George Keith, now an Anglican, precipitated another quarrel with Willard in 1703. The year before this former Quaker had returned to Boston as an equally fiery missionary for the Society for Propagating the Gospel in Foreign Parts.45 The very first Sunday after his arrival he had declared to a “large auditory” at Queen’s Chapel that one of his aims in coming was “to heal up the breach [among Protestants] if possible and be a Peace Maker,”46 which he hoped to accomplish, it seems, by imposing upon New England the usages and polity of the Anglican Church! The next year he and his associates “chanced” to arrive in Cambridge at the time of the college commencement, and listened to the academic disputation on the question of predestination and free will. The thesis debated contained two propositions: that the divine decree was immutable, and that the reasonable creature enjoyed a liberty which was not destroyed by this. Ten days later Keith sent Willard an expostulatory letter in Latin, which Willard declined to answer as “rude & undigested talk, and a ripping up of some trite and vulgar railleries against the Orthodox Doctrine.” Written in Latin it could do no harm, he felt, for learned men would recognize its weaknesses if it fell into their hands. But when Keith printed an English translation of it as A Refutation of a dangerous & hurtful Opinion maintained by Mr. Samuel Willard, Willard yielded to the pressure of friends (apprehensive about the popular rumor that Keith’s arguments were unanswerable) and published a Brief Reply to Mr. George Keith. Since Keith had not only attacked him, but had “fouly represented . . . the Academy . . . as . . . a Nursery of Error,” hoping that it could be reformed to resemble her mother in Cambridge, England, Willard sought to give a “fair account” of the matter.47
Keith was a disingenuous controversialist who had long ago learned to practice the Machiavellian rule “fortiter calumniare, aliquid haerebit,” said Willard; but the revilings of some men were a credit rather than a reproach. His “refutation” was really a misnomer, it offered no convincing demonstration. The thesis Keith objected to had been debated philosophically according to the principles of natural theology, explained Willard, and all Christian academies agreed on the profitableness of such logical disputations. As to the subject, the consistency of the reality and immutability of the decree with unimpeded human freedom was maintained by the greatest Protestant divines, asserted in the confessions of faith, and even strenuously defended by Dominicans against Jesuits. When Arminians like Keith obviously “seek to overthrow the Doctrine of the Absolute Decree, that so they may establish an uncontrollable Sovereignty in the Will of man,” said Willard, “we are bound as industriously to withstand them.” Reconciliation of the two conceptions of the disputation was difficult, he admitted, but being Scriptural they could be reasonably considered consistent, and it was commendable to seek to demonstrate it.48 Willard’s arguments were the same offered in his sermons — the decree was hypothetically necessary, not man’s sin but his actions were determined, God concurred in every operation of second causes as the immediate principle and whole cause of every action and effect of the creature — and he pressed them with logical skill and gleeful sarcasm. Considering all the facts, only one conclusion was tenable: “the origine and cause of the Necessity of the first sin, is more to be derived from God than from man himself,” yet the whole blame of sin is due to Adam, for in his apostasy he used his own free will in voluntarily transgressing the command. Keith’s eagerness to suppress this doctrine, said Willard, was a “notable engine” of Arminianism to subvert the truth and make the people of New England an easy prey to disseminators of “Pelagianism, Socinianism, and Jesuitism.”49 For good measure Willard threw in an appendix which blew Keith’s charge of novelty to bits with a broadside from the writings of Anglican bishops Davanant and Prideaux and the creedal articles of the Church of England.50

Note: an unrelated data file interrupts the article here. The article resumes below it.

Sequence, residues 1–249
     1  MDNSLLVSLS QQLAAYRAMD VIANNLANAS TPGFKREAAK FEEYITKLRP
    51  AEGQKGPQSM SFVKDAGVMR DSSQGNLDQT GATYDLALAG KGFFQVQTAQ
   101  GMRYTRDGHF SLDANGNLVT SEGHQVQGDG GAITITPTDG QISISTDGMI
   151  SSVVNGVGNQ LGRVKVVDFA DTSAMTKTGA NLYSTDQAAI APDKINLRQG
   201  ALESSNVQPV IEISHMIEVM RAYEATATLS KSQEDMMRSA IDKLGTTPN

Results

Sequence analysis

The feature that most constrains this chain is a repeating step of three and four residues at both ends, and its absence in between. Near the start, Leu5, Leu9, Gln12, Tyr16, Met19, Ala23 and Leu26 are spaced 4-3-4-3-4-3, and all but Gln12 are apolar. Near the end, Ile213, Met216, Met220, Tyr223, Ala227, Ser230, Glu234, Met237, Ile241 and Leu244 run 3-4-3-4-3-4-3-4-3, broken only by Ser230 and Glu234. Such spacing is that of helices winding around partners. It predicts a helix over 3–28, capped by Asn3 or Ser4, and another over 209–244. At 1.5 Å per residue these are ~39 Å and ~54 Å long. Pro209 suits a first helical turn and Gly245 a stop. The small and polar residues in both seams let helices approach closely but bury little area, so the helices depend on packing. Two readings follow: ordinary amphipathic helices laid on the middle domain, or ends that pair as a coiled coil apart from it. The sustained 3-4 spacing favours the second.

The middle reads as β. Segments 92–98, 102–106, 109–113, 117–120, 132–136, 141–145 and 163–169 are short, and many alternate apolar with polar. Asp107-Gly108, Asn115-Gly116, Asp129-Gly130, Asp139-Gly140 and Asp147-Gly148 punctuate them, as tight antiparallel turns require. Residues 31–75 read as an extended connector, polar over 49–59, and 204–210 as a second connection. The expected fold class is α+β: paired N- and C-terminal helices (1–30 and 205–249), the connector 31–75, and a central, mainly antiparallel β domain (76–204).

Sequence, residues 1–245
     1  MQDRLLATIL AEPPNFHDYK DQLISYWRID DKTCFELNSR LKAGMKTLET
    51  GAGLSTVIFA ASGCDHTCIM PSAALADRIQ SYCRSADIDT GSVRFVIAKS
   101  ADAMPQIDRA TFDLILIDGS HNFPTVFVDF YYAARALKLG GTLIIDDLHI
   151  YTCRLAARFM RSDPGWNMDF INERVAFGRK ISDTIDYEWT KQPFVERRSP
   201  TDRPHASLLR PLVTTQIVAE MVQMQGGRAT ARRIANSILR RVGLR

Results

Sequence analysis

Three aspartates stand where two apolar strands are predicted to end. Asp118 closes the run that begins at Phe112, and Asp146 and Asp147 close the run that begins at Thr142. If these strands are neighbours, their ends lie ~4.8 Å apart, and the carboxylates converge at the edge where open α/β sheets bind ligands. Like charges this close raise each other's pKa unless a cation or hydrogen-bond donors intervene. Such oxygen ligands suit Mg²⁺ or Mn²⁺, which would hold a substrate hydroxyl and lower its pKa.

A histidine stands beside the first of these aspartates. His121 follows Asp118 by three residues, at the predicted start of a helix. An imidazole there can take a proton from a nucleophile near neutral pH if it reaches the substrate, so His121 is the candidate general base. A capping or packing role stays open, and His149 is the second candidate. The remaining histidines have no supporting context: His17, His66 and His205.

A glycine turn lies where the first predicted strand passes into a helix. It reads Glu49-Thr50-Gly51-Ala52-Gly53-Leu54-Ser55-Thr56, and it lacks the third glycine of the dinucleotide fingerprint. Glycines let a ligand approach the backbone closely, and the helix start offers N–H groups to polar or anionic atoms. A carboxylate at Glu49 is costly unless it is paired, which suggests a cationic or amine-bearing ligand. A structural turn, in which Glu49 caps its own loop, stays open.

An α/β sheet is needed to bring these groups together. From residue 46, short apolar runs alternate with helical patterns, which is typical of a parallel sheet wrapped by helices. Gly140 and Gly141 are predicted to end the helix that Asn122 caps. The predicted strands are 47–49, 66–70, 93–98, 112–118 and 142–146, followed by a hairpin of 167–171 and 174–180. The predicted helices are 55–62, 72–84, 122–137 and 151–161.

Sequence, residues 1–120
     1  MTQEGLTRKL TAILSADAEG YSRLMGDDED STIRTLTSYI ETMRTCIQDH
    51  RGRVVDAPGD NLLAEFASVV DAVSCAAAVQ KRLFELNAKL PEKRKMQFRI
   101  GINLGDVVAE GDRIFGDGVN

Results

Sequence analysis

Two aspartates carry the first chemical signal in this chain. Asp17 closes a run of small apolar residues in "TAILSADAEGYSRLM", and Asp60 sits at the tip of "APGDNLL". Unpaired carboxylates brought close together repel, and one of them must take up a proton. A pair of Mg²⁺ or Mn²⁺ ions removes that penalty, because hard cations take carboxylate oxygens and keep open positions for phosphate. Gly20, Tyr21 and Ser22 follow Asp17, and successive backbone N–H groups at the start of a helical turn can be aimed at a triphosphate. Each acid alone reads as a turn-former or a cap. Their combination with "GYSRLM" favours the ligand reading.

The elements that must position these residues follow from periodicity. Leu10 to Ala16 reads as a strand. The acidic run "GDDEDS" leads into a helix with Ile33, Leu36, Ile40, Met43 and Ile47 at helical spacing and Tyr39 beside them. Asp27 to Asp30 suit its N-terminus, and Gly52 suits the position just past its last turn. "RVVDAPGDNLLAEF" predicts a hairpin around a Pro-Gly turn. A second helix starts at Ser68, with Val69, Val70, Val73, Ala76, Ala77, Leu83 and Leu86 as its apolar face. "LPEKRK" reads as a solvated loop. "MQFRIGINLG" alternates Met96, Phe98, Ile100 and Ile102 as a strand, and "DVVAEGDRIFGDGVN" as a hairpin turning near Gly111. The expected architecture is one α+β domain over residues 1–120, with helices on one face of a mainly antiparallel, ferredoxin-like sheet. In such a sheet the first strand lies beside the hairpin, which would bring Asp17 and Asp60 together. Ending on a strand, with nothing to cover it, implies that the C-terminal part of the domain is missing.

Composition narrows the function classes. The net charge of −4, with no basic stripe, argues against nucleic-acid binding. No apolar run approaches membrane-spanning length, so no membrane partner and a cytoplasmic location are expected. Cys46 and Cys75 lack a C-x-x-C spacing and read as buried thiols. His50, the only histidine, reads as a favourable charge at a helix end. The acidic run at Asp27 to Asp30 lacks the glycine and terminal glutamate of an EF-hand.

Keith replied the following year with An Answer to Mr. Samuel Willard, a weak rebuttal in which he complained of unjust treatment and accused Willard of teaching Hobbism and Stoical necessity.51 Willard doubtlessly recognized the futility of continuance and let his case rest without further reply. Keith on the other hand, confided that the controversy had had an excellent effect “in quieting the minds of many People in these parts and bringing them over to the Church.”52
Arminianism continued to grow, as Jonathan Edwards observed a generation later. Yet this stalwart Calvinist and many others grew up in a tradition of orthodoxy that Samuel Willard, perhaps more than any other among the New England Puritans of the seventeenth century, had helped to preserve. Ebenezer Pemberton was right — Willard’s whole ministry jealously guarded the honor of sovereign grace.53
Samuel Willard: the son of a military and political leader, and destined to become one of the most important preachers among the second generation of New England Puritans, was born in 1640 at Concord, Massachusetts. Trained in orthodoxy at Harvard College, he graduated in 1659, and was the only member of his class to go on for an M.A. degree. Her served two churches (Groton and Boston's South Church), played a leading role in the Reforming Synod of 1679, and at the end of his life was acting president of Harvard. Willard was also influential in halting the Salem Witch Trials in 1692, and in promoting the historic fast day four years later. He died in the year 1707.
Seymour Van Dyken: was educated at Calvin Theological Seminary and Princeton Theological Seminary, receiving his Th.D degree from the latter institution in 1963. He has held several pastorates in the Christian Reformed denomination. He has taught at Calvin College, Calvin Theological Seminary, and Grand Rapids Junior College. In addition, he has written a number of articles for religious journals and magazines.
This article is taken from Van Dyken's book, Samuel Willard: Preacher of Orthodoxy in an Era of Change, Wm. B. Eerdmans (Grand Rapids: 1972, pp. 98-121).